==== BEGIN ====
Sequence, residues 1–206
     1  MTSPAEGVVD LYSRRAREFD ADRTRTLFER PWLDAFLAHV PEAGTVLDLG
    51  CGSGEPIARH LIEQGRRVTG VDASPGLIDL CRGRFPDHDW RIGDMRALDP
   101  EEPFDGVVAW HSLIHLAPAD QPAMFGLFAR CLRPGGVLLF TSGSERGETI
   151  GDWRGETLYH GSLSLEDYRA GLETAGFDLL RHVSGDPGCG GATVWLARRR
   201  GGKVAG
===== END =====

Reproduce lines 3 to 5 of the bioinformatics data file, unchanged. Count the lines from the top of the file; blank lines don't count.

    51  CGSGEPIARH LIEQGRRVTG VDASPGLIDL CRGRFPDHDW RIGDMRALDP
   101  EEPFDGVVAW HSLIHLAPAD QPAMFGLFAR CLRPGGVLLF TSGSERGETI
   151  GDWRGETLYH GSLSLEDYRA GLETAGFDLL RHVSGDPGCG GATVWLARRR